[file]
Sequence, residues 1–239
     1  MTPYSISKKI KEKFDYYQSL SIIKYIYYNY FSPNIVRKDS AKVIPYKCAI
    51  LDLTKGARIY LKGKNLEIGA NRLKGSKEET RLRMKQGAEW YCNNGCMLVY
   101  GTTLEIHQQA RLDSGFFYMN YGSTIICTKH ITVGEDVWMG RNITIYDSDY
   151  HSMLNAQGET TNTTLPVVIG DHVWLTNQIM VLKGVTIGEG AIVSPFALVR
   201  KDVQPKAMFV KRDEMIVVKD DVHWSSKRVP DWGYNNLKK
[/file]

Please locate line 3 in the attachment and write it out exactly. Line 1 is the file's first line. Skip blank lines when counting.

    51  LDLTKGARIY LKGKNLEIGA NRLKGSKEET RLRMKQGAEW YCNNGCMLVY